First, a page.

Illustrator and fashion designer Karen Segall is on a mission to do things differently. Sick of an image-saturated world, she keeps her artwork dark and simple, creating something refreshingly beautiful. Her latest project, When was the last time you looked out at the water?, explores elements that constitute our everyday lives.
Where did the name for your latest exhibition come from?
I found it on a pillar at the harbour in Aarhus (Denmark), written in very clear hand writing, the paint almost washed off by the weather. All my feelings for my forth-coming project suited this title. The only thing I wanted to do was look across the water.
I needed to have time and not stress through a project, to not to try so hard to please the rest of the world. This time, I just listened to my heart and what I wanted to do. I focused on all the things I really like under the themes of food, joy, happiness, pleasure, and everything else that makes me feel good and happy.
Why is true craftsmanship so important to you?
True craftsmanship is an important element in the process of my work, from drawing pictures to creating 3D objects. If I can’t make things in the real way by hand, then I’m not supposed to do it.
I’m still practicing classic drawing, using my eyes to see how things really look and how all parts of an object are related to each other, like a massive puzzle. Using this technique, it’s possible to give a 3D perspective to a 2D drawing. When I don’t know how to draw something in a classic sense, I delve into my imagination. That creates some pretty interesting results. I also insist on making all my prints myself. It’s important to know the process of creating things from start to finish.
What inspires / influences you?
Humans, different cultures, things I find, movies I see, people I meet, feelings, colors in the sky, pictures, tactile surfaces, old Danish porcelain, magazines that are more like art books and traditional clothing. In the last couple of years, I’ve been very inspired by Danish folklore and old hand-painted Japanese kimonos.
What will the exhibition consist of?
Mostly of whole walls filled with pictures, sketches, weavings, a clown and a skeleton, combined with a huge bird mobile. I’ve also created a porcelain collection painted with things I like. There’s some patchwork carpets and digitally printed silk scarves too.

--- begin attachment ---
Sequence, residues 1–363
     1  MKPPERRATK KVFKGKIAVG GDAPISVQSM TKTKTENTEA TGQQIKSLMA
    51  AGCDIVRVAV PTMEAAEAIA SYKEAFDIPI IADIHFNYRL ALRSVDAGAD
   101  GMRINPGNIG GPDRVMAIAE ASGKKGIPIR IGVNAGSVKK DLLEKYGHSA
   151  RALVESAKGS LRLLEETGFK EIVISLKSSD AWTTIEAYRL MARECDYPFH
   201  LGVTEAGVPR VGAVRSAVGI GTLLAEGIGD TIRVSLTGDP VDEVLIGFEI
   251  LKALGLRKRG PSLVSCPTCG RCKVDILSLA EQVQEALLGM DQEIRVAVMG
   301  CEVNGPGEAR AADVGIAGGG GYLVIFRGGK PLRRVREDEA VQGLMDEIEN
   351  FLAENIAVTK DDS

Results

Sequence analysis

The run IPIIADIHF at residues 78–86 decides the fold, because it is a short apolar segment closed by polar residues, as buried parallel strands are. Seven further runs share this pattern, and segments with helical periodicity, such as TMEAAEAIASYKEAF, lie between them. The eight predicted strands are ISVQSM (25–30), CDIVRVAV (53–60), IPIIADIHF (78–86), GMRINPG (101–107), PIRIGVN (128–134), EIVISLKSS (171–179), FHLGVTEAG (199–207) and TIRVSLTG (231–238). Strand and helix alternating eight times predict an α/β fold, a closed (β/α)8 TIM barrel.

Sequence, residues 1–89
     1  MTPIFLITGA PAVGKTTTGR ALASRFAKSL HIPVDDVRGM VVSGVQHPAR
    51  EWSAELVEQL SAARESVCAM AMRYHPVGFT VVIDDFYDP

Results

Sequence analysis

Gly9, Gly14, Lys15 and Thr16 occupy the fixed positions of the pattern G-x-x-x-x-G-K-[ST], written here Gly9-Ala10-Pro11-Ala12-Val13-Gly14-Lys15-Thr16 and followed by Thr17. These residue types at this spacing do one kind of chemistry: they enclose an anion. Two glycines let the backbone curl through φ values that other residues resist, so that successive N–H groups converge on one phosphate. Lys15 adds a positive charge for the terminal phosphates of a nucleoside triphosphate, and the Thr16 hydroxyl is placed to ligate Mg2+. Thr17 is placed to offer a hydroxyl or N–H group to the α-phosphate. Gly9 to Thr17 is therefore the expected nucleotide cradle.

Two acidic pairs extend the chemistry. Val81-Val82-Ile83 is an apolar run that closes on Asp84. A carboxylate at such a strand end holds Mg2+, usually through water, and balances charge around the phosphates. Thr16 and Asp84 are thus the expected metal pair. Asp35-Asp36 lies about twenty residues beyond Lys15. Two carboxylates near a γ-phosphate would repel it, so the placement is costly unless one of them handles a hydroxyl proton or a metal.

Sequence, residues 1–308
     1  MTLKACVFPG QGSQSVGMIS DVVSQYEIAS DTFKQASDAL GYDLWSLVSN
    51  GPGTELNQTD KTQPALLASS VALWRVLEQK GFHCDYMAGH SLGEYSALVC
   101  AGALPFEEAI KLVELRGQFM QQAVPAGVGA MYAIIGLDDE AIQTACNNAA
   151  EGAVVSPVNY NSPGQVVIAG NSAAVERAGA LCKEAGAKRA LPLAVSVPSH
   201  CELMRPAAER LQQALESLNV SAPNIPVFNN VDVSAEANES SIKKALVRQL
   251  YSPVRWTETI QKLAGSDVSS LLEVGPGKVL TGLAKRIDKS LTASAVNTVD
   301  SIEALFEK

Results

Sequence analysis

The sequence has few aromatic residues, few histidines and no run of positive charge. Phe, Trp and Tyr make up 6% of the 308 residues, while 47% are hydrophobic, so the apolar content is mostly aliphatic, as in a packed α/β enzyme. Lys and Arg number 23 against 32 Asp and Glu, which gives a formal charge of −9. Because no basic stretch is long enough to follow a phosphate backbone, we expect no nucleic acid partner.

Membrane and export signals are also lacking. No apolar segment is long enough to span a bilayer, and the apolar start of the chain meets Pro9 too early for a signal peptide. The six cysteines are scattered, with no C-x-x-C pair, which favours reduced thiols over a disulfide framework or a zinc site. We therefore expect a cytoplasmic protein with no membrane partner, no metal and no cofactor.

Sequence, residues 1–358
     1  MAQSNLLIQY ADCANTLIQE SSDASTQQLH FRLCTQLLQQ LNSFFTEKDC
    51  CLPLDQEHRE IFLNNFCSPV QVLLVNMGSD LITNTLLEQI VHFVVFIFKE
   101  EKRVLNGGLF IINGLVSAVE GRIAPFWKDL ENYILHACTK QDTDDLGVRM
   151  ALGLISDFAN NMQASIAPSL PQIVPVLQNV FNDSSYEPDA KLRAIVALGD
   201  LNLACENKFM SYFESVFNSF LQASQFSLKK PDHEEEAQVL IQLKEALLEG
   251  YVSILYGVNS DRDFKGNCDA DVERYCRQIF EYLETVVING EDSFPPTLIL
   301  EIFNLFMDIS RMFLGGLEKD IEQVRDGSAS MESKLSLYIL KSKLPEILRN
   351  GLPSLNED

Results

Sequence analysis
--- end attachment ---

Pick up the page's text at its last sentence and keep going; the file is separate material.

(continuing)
What is your typical day like in the run-up to your exhibition?
I am way too stressed to even think! I’m currently in that mental place where you think everything is shit, but you know that it’s not possible to make new stuff because you’re out of time. I know the only reason I end up there is because I have looked at everything far too much. I just need to let the world see it.
Your office is burning down – what do you save first?
I really don’t know! I own so much stuff I really love and adore. Maybe my wardrobe or shoe collection and illustrations? I own many books that would be worth saving too.
If you weren’t doing what you are doing now, what would you be up to?
I never had any other ideas of what I wanted to do, or things I though I was good at or liked to do. It’s been like this since I could hold a pair of scissors in my hand. My hobby is my job.
You can invite 5 famous people to your exhibition (dead or alive). Who are you bringing?
James Dean – the actor with a very nice car and a great attitude.
Eigil Knuth – an artist who joined an expedition to Greenland and wrote an amazing book about it.
Georges Nagelmackers – the guy who invented the Orient Express and made it possible to travel trough Europe.
Coco Chanel – the designer who made everyday wear fashionable and useful for all occasions.
Johannes Gutenberg – the guy that introduced Europe to the modern print technique and an all round great inventor.
Anything else you want to share with us?
Most of the exhibition will be shown in Berlin with a vernissage on the 1st of September in a cool shop called ‘Konk’ on Kleine Hamburger Strauss. Just after the show I will launch a unique one off collection on the ArtRebels webshop in conjunction with the exhibition.